Financial Services Clusters

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Financial Services Clusters

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Financial Services Clusters

  1. 1. Financial Services Clusters The Greater Toronto Area MRK625 Victoria George
  2. 2. What is a Cluster? <ul><li>A cluster is a geographic concentration of interconnected businesses, suppliers, and associated institutions in a particular field. Clusters increase the productivity of participating firms and drive innovation forward. </li></ul><ul><li>Cluster, also known as a business cluster, competitive cluster, or Porterian cluster, was introduced and the term cluster popularized by Michael Porter. </li></ul>
  3. 3. What makes a cluster successful? <ul><li>the availability of venture capital </li></ul><ul><li>critical mass </li></ul><ul><li>technical infrastructure </li></ul><ul><li>presence of higher education and research institutions; </li></ul><ul><li>entrepreneurial drive </li></ul><ul><li>influence of champions </li></ul><ul><li>network </li></ul><ul><li>quality of linkages </li></ul><ul><li>social capital </li></ul><ul><li>synergy </li></ul><ul><li>diversity </li></ul>
  4. 4. About the Finance Cluster <ul><li>The City of Toronto is recognized around the world as Canada’s national centre for financial services. </li></ul><ul><li>Toronto is home to the headquarters of Canada’s five largest banks and to approximately 80% of the headquarters of foreign banks operating in Canada. </li></ul><ul><li>The Toronto Stock Exchange is the largest exchange in Canada. </li></ul>
  5. 5. About the Finance Cluster <ul><li>Financial services contribute significantly to the nation’s total exports, GDP and employment. </li></ul><ul><li>Ontario is the only province with a trade surplus in financial services with inter-provincial trade expanding at an annual growth rate of 7% since 1992. </li></ul>
  6. 6. Issues facing the Finance Cluster <ul><li>The financial services sector is experiencing a period of instability as forces of change with respect to globalization, regulatory changes, consolidations, and advances in technology change the entire context of financial services throughout the world. </li></ul><ul><li>The cluster must push for global recognition. </li></ul>
  7. 7. Areas in which to Grow <ul><li>Strides toward improved post secondary options in financial services will help to sustain further cluster growth. </li></ul>
  8. 8. Mississauga: Cluster Member <ul><li>Mississauga, with strength in a broad range of business sectors, is home to one of Canada’s largest Finance, Insurance and Real Estate (FIRE) clusters. </li></ul><ul><li>Companies in the FIRE sector are attracted to Mississauga due to its culturally diverse labour force and vast pool of highly skilled and knowledgeable people; its well-developed transportation </li></ul><ul><li>net work; its state-of-the-art telecommunication infrastructure; and its </li></ul><ul><li>close proximity to Canada’s financial centre. </li></ul>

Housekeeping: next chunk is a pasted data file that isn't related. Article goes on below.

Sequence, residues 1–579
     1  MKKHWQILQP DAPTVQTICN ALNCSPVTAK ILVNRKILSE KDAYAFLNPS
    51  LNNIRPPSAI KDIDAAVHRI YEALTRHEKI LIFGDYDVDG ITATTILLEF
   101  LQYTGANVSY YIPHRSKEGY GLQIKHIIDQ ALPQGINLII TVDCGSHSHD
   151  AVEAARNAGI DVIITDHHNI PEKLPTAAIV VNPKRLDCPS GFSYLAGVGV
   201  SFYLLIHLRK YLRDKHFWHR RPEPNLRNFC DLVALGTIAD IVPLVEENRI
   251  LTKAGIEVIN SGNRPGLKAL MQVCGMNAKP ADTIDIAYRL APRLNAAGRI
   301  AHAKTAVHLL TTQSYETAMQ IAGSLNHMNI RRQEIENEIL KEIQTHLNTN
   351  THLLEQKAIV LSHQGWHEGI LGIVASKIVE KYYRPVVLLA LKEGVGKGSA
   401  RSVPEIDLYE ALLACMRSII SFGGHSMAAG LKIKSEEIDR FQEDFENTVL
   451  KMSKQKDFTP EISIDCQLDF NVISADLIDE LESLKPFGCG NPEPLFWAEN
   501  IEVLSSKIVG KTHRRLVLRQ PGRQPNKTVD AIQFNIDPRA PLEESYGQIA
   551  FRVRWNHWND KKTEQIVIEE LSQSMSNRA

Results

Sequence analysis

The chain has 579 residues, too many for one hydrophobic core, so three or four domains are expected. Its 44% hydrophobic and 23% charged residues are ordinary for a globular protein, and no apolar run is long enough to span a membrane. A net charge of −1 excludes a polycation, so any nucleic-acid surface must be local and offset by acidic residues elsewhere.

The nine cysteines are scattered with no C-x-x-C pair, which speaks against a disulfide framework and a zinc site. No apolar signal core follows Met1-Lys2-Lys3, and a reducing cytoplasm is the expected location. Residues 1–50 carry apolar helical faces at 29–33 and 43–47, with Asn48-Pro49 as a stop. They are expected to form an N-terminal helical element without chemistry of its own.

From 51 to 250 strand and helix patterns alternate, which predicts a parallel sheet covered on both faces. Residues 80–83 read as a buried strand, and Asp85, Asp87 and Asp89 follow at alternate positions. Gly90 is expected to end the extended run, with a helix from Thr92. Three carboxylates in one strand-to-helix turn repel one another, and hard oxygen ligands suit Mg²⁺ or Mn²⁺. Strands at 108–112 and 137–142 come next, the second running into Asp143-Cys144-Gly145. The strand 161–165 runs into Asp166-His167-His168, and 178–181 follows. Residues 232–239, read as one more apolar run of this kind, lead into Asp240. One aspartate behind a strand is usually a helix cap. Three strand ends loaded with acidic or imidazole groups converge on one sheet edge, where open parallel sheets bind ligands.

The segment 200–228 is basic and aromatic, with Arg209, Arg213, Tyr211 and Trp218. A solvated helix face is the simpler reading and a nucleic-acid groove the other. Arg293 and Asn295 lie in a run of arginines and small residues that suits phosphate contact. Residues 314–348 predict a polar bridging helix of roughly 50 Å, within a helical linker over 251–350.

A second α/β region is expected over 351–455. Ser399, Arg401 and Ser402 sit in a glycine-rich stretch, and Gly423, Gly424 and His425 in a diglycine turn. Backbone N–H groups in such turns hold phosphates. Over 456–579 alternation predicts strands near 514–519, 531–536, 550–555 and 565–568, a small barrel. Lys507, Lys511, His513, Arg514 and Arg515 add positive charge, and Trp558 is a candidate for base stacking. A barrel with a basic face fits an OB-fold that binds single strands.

9. 9. Mississauga: Cluster Member cont. <ul><li>These healthy economic factors have </li></ul><ul><li>contributed to the unprecedented growth in the FIRE sector. </li></ul><ul><li>• The City of Mississauga’s FIRE sector is the third largest in Canada </li></ul><ul><li>• Mississauga’s FIRE sector employs more than 23,500 people </li></ul><ul><li>• Direct GDP contribution to the Mississauga region was estimated at $5.9 billion (2002) </li></ul><ul><li>• Combined direct and indirect GDP contribution to the Mississauga region is </li></ul><ul><li>estimated at $10.5 billion (2002) </li></ul><ul><li>• Over 70% of all Canadian banks and insurance companies are headquartered in </li></ul><ul><li>the Greater Toronto Area (GTA) </li></ul><ul><li>• The FIRE sector is the single largest contributor to the Canadian economy </li></ul>
  10. 10. London Financial Cluster <ul><li>London has over 50 per cent of UK employment in management of financial markets, venture capital, security broking and trading, funds and management and bank HQs. </li></ul><ul><li>The financial cluster generates large scale demand for telecommunication services, consultancy, legal services, software, data processing and information </li></ul>
  11. 11. New York Financial Cluster <ul><li>The Financial Services cluster consists of firms in three major sub-clusters – banking, securities and insurance. </li></ul><ul><li>Financial services employment in New York was 500,899 in 2001, about 7.3% of New York’s private sector employment. </li></ul><ul><li>New York City had the greatest concentration of employment in financial services in New York State. Two-thirds of the state’s financial services employment is in New York City. </li></ul>
  12. 12. Advantages of the Toronto Cluster <ul><li>Toronto is a significant economic center with: </li></ul><ul><li>superb universities </li></ul><ul><li>leading arts, </li></ul><ul><li>entertainment design, and </li></ul><ul><li>culture industries </li></ul><ul><li>The most diverse population in the world </li></ul><ul><li>Like London, but unlike most major U.S. cities, Toronto offers schools that work, low crime, and safe streets. Unlike London — or New York, Los Angeles, and San Francisco — Toronto also remains reasonably affordable, which allows it to retain residents from a wide mix of social and economic classes. </li></ul>
  13. 13. The End Thank you sources: Who’s Your City?: How the Creative Economy Is Making Where to Live the Most Important Decision of Your Life by Richard Florida http://www.berr.gov.uk/files/file21312.pdf http://www.omicc.ca/benefits-2.html http://www.toronto.ca/invest-in-toronto/clusteroverview.htm

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